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Rosie the Riveter.

Feminism is so trendy, didn’t you know, so what better way to pay homage to the movement than dressing as someone whose image is often co opted by it: Rosie the Riveter. I went as her one year and all you need is a blue shirt; jeans, overalls or denim shorts, depending on the level of sexiness you want to go for; a red and white polka dot scarf, and you’re set.

When I was in New York for Halloween one year I saw a woman in the Greenwich Village Halloween Parade who even went to the trouble of fashioning a “We Can Do It” speech bubble.

adam and eve

Adam & Eve.

The perfect couples costume, all you need is some vines, an apple, and a toy snake. From there, go as dressed up (or down) as you’re comfortable with.

gloria steinem undercover playboy bunny

Gloria Steinem Undercover as a Playboy Bunny.

Yet another costume I’ve worn over the years and probably my favourite. Grab a cheap, mass-produced corset from Valley Girl or similar, some high-waisted vintage knickers (or boy shorts for more coverage), a Playboy cuffs and ears set from most party supply stores, and a white loofah sponge from the supermarket for a tail.

To differentiate yourself from a typical Playboy bunny, wear a feminist badge of some kind and for extra journo cred, carry a notebook, tape recorder (did they even have those in the ’60s?) or a copy of Outrageous Acts & Everyday Rebellions, the book her report “A Bunny’s Tale” is published in.

suffragette costume

Emily Davison.

Best known as the woman who rushed King George V’s horse at the 1913 Epsom Derby, she died from fatal injuries sustained in the act of protest. A suffragette, a Davison costume is not only timely with the release of the movie Suffragette in which she is featured, but it’s marginally more tasteful than Cecil the Lion: hit up your local costumery for period threads then stop by a toy shop for a hobby horse.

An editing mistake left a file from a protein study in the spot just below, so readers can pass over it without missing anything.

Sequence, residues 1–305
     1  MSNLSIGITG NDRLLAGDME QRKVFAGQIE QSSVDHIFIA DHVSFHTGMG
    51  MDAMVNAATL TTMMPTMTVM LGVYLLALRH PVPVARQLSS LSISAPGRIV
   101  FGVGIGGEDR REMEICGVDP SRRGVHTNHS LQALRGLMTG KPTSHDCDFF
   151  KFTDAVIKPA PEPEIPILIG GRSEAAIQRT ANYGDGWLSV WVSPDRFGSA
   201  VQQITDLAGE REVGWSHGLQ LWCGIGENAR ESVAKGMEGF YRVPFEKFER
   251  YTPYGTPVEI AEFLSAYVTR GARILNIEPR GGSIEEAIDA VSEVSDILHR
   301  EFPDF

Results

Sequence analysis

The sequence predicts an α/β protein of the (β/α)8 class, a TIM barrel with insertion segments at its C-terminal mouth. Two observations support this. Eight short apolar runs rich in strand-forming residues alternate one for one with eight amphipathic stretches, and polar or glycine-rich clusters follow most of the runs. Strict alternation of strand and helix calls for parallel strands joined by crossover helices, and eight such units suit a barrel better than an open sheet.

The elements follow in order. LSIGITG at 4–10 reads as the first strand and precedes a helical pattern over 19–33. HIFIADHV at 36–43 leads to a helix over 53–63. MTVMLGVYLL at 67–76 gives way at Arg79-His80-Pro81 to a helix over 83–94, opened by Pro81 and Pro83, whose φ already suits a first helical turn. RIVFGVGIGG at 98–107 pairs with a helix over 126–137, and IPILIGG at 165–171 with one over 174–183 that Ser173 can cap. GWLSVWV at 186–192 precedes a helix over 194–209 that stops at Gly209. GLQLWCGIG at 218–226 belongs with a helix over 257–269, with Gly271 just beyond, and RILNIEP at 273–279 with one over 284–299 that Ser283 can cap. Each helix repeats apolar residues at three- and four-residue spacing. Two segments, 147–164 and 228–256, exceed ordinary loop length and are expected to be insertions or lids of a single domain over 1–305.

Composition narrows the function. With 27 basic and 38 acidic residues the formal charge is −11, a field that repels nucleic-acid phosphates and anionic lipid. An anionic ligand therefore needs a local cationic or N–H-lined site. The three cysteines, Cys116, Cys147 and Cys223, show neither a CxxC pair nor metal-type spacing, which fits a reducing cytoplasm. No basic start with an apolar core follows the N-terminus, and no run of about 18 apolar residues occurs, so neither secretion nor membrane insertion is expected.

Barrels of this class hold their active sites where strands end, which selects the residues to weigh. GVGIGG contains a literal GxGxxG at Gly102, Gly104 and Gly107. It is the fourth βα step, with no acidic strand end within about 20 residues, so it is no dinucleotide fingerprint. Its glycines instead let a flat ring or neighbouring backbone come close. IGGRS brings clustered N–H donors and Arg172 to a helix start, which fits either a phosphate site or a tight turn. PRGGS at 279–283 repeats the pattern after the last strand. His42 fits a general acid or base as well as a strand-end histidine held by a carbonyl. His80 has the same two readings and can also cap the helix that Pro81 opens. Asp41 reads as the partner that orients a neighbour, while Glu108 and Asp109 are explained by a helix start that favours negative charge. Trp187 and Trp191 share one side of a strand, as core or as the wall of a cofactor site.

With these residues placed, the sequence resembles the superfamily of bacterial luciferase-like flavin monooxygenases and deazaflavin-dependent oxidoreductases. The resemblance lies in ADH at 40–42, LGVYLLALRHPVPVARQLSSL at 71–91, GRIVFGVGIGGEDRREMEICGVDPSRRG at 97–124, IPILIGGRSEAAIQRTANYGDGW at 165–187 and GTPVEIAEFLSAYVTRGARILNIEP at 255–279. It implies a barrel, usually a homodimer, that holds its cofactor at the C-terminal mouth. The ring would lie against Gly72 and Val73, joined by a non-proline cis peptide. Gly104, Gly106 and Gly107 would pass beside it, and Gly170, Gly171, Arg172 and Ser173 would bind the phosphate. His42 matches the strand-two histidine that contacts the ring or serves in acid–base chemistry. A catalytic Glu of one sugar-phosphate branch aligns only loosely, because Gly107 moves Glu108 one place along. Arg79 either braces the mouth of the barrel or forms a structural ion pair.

josephine baker

Josephine Baker.

There are many ways you can go with this: traditional 1920s fare, or for the more exhibitionistic, hunt for the components that make up her famous banana costume. A healthy helping of plastic bananas threaded together could work, or banana lollies from your local Woolies add elements of sexiness and Halloween candy metatext. This is one costume that knows no bounds.

girl scout costume

Girl Scout.

A friend had this in mind for the time we were in New York for Halloween, but it never came to fruition. You can be the one to make it happen, by either forking out for the cheap, mass produced version or shifting through Etsy and vintage eBay sellers for cute vests, badges and maybe even a box of cookies or two. Know a Brownie? Borrow their garb for the evening.

beyonce feminist costume

Beyonce Standing in Front of the Feminist Sign.

Granted, this would have been fitting for last year’s Halloween (and I actually went as this for my work Christmas party), but Beyonce is nothing if not perpetually relevant.

I had a copy of the “Feminist” sign blown up and printed at Officeworks, mounted it to thick cardboard and strapped to me like a backpack with elastic strips, with portable LED lights along the bottom. Add a leotard and presto: you’re Beyonce!

wrestling costumes

Mick Foley. (Honourable mentions: Bray Wyatt, Roman Reigns, Tyler Breeze.)